By Lisa Denenmark (CAS '07) June 7, 2016
Impelled by her determination to save ephemeral sites and artifacts from oblivion, Eahr Joan has devoted a lifetime to meticulous research, photography, and organization of a staggering quantity of mother-line evidence. -Antonia Ruiz-Koffman, Librarian, CIIS
In the late '70s, Eahr Joan, an exchange student from an East Coast university, sat in a London coffee shop perusing a small map of the world. She placed her cup on England and drew a circle around it.
That area-East Asia, Europe, and North Africa-over the next 12 years would be the field for her life's work, the 2,000-page Re-Genesis Encyclopedia: Synthesis of the Spiritual Dark-Motherline, Integral Research, Labyrinth Learning, and Eco-Thealogy.*
Re-Genesis, conceived as a database, is an open-access encyclopedia to be housed in CIIS' Digital Commons institutional repository. It comprises 250 essay-length entries and thousands of images to support them. It documents the largely untold spiritual history of women across disciplines, cultures, and historical periods from 3 million BCE to 1 CE-significantly pre-dating monotheistic religions.
Eahr, an archaeomythology** archivist, alum (WSE '00), and reference librarian at CIIS, calls Re-Genesis the first and only archaeomythology encyclopedia/research resource. The work is a counternarrative of monotheism that expands the 21st-century worldview.
Re-Genesis was launched in late April at a CIIS Founders Day Symposium event honoring Eahr's roughly 40 years of research. A team is working to complete the process, which is expected to take a year.
This is the tale of how Re-Genesis came to be.
As far back as she can remember, Eahr had questions about the disparities in the ways that women were treated. From age four, in her small prairie town learning that little girls would have to suffer their whole lives for the sins of Eve, to the sexist ad campaigns of Madison Avenue, to a university philosophy department, the answers, she says, "were just not acceptable."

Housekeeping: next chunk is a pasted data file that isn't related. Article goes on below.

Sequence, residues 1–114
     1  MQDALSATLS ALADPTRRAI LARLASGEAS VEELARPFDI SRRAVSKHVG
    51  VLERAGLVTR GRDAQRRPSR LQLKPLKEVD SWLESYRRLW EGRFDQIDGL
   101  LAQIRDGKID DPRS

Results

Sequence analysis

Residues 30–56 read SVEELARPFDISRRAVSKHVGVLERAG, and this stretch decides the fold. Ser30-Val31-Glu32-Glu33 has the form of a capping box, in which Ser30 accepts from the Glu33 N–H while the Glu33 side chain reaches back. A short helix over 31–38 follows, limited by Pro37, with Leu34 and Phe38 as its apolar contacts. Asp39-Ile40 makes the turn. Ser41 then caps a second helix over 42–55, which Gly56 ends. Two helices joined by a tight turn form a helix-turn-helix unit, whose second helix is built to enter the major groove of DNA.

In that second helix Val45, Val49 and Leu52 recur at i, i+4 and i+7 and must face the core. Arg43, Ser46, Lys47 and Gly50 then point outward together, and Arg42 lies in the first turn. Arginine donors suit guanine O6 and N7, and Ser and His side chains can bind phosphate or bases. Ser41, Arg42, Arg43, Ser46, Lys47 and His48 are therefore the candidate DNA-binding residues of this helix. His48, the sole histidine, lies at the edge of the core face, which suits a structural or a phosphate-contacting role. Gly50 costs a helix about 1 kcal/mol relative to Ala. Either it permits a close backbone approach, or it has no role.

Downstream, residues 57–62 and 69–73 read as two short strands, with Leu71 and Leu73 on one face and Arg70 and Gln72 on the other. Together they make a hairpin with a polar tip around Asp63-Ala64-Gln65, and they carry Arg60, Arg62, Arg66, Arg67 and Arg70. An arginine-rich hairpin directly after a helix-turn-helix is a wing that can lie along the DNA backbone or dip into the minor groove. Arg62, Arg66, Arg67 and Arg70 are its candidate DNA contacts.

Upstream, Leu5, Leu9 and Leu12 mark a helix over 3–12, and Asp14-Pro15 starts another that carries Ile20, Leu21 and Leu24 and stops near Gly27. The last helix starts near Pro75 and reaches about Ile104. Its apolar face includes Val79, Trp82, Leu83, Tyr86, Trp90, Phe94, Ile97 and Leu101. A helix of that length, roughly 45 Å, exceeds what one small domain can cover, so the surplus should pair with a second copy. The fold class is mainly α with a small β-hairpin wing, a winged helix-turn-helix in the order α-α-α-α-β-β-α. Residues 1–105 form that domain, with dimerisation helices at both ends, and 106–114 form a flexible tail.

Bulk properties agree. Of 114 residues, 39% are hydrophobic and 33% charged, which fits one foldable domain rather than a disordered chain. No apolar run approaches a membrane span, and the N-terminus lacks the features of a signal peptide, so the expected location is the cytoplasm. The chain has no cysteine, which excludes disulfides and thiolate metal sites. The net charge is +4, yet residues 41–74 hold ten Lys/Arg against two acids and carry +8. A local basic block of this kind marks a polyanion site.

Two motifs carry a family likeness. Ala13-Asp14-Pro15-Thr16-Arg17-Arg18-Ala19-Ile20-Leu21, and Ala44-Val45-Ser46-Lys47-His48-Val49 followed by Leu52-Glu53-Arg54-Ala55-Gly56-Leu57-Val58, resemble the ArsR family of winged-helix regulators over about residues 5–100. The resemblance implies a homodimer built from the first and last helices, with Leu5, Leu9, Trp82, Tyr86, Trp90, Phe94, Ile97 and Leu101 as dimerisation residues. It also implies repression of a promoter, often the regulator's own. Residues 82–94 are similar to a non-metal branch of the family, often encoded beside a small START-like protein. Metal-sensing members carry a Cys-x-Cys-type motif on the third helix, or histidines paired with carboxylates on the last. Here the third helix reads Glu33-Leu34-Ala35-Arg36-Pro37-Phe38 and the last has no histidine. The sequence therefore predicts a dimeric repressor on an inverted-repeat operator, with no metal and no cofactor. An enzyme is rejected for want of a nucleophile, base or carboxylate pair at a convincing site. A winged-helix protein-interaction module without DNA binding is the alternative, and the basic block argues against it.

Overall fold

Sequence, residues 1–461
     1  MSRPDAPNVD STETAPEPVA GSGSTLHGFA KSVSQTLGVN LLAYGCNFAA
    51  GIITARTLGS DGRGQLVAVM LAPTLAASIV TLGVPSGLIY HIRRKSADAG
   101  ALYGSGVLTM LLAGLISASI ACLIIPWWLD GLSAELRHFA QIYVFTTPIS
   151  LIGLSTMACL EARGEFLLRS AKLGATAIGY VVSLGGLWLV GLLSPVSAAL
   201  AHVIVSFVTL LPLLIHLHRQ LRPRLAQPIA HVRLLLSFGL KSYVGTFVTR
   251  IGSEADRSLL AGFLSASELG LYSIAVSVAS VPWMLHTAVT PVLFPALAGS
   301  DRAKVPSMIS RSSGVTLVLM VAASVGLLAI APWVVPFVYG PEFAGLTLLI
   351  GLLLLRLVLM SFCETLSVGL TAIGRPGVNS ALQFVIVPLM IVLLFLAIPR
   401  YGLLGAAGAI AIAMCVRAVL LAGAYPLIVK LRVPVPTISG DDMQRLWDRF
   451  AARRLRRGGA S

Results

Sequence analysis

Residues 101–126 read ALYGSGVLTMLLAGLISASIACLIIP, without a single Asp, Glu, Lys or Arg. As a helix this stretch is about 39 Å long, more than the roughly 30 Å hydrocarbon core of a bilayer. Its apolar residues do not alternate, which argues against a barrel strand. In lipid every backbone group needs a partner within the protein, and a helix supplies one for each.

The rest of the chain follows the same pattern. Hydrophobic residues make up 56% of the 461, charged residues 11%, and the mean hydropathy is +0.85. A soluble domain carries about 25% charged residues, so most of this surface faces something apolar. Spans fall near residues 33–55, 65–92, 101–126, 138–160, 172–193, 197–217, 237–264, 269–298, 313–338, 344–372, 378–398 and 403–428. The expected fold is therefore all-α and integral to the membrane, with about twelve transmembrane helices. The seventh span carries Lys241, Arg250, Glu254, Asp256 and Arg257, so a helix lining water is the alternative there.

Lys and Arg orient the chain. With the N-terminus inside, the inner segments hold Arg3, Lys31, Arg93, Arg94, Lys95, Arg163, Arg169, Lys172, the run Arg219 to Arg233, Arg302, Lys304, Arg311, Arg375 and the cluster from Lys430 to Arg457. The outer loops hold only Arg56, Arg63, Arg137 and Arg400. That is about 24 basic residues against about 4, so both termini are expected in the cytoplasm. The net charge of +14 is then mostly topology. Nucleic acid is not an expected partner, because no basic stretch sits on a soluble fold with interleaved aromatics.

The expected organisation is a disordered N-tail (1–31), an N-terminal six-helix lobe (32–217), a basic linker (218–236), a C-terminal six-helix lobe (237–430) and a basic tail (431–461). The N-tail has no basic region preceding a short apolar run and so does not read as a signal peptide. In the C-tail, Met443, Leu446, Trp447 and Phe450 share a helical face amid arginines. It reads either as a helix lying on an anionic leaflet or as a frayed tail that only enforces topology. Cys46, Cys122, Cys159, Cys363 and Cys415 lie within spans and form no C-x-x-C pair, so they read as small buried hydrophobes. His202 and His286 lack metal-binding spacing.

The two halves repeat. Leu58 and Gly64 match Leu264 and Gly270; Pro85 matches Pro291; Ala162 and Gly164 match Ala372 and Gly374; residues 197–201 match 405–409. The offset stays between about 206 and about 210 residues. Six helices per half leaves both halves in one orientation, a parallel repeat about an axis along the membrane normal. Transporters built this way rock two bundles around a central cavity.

In 1978, Eahr recalls, her philosophy chair "told me that if I ‘continue to ask why females and members of other populations are not represented in the syllabi, you are then in the wrong department.'" That was the moment Re-Genesis was born-the moment she knew she had to choose another strategy and "not spend another breath on questions that people cannot answer with the knowledge that they have."
It wasn't anyone's fault, she says. "They were just telling me what they knew. All of this was the fodder for everything that is Re-Genesis. So, Eahr decided to begin with a retelling of Genesis.
A month later, Eahr saw an ad in the student newspaper for an exchange program at London University in conjunction with the British Museum Library and immediately knew how her project might unfold.
Plus, there was some funding-a much- appreciated incentive for Eahr, then a 40-year-old welfare mother on food stamps. She was accepted, and "within a year I had dropped off my last daughter to college, got my ticket for London, and was on my way."
Eahr typed dissertations, cleaned and painted houses, and worked in bookstores and markets to save money for her fieldwork. "As soon as I had enough for the next trip, I quit my job and left. I think that's the matrilineal heritage of the prairie women I come from: We make it work-we're not wimps."
Over the next 12 years, Eahr estimates, she took 35 trips, never going beyond the boundaries of the circle she had drawn in the café. Her method, to photograph archaeological sites and museum artifacts-tethered to the narrative and informed by images-was modeled on the work of archaeologist Marija Gimbutas, who posited the thesis that the Neolithic European culture was female-centered and worshiped a Mother Goddess as giver of all life.